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Dementia is a progressive and sometimes chronic brain condition that causes problems with thinking, behaviour, and memory. There are various types of dementia, each of which can affect a person in different ways. The treatments recommended for dementia will depend on which type of dementia a person has been diagnosed with. It is believed that, currently, there are over 400 different types of dementia, below are the most common forms:

Alzheimer’s disease is the most prevalent cause of dementia and is a physical disease that affects the brain directly. The disease causes protein ‘plaques’ and ‘tangles’ to develop into the structure of the brain, which subsequently facilitates the destruction of brain cells.

People with Alzheimer’s disease will also experience a shortage in the production of important chemicals within the brain that are involved with the transmission of neurological messages. Alzheimer’s is a progressive disease, which means that gradually, over time, more parts of the brain will become damaged. As this happens, the symptoms will become more severe.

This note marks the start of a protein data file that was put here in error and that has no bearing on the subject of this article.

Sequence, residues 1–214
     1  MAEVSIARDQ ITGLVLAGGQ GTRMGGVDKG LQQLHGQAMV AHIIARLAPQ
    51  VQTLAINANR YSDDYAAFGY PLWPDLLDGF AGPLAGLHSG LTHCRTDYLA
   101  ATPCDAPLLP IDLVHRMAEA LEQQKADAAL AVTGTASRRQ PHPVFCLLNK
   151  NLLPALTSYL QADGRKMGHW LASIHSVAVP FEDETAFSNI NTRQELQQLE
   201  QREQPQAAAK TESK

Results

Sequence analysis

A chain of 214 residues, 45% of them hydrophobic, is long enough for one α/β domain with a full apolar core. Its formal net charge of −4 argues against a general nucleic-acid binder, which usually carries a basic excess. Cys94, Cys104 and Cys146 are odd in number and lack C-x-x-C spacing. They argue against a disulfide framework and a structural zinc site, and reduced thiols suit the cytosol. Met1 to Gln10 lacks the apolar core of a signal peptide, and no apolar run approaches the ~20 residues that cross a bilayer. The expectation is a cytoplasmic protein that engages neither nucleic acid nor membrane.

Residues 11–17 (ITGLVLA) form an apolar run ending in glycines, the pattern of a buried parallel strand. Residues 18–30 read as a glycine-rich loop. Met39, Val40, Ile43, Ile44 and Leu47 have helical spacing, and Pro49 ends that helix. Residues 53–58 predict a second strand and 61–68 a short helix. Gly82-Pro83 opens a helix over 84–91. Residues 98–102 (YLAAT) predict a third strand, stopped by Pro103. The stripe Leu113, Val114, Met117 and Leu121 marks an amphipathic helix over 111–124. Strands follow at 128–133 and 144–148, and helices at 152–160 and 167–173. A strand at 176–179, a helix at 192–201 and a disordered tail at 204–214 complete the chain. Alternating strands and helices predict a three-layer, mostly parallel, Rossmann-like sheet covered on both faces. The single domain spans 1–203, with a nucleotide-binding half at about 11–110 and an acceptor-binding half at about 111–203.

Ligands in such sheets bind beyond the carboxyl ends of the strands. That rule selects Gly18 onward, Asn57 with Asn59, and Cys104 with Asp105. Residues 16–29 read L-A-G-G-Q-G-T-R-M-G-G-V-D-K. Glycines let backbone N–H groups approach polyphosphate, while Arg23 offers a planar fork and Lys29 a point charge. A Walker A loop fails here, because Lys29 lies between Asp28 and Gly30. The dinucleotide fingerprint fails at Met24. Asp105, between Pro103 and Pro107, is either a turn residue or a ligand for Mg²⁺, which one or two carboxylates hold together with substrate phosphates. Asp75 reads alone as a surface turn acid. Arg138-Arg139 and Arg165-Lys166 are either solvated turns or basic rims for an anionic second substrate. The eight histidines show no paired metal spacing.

Vascular dementia is the second most common form of dementia and is caused by problems with the supply of blood to the brain. In order to remain healthy and function properly, brain cells require a sufficient amount of blood to be transferred to the brain. The body delivers the blood through a network of blood vessels that are referred to as the ‘vascular system’. If the vascular system within the brain becomes damaged and blood cannot reach the brain cells, eventually the cells will die. If this problem occurs, it can lead to the onset of vascular dementia.

There are a number of different conditions that are able to cause or facilitate damage to the vascular system. Some of which include high blood pressure, heart problems, high cholesterol and diabetes. Due to this, it is essential that these conditions are identified and treated at the earliest opportunity. If these conditions are treated effectively, it will be possible to delay or even be able to stop the onset of vascular dementia

Dementia with lewy bodies is a type of dementia that shares similar symptoms with Alzheimer’s disease. Lewy bodies have been defined as tiny deposits of protein within the nerve cells. The presence of lewy bodies is detrimental to the important chemical messengers and causes a loss of connection between nerve cells. Over time, this can lead to the death of the nerve cells and contributes towards the loss of brain tissue.

As well as visual perception difficulties, Lewy bodies is one of the few forms of dementia that can also cause hallucinations to occur within a person. It can also have an impact on spatial awareness, parkinsonian gait, muscle contraction and navigation. To date, researchers still do not have a full understanding of why Lewy bodies appear in the brain or exactly how they contribute to dementia.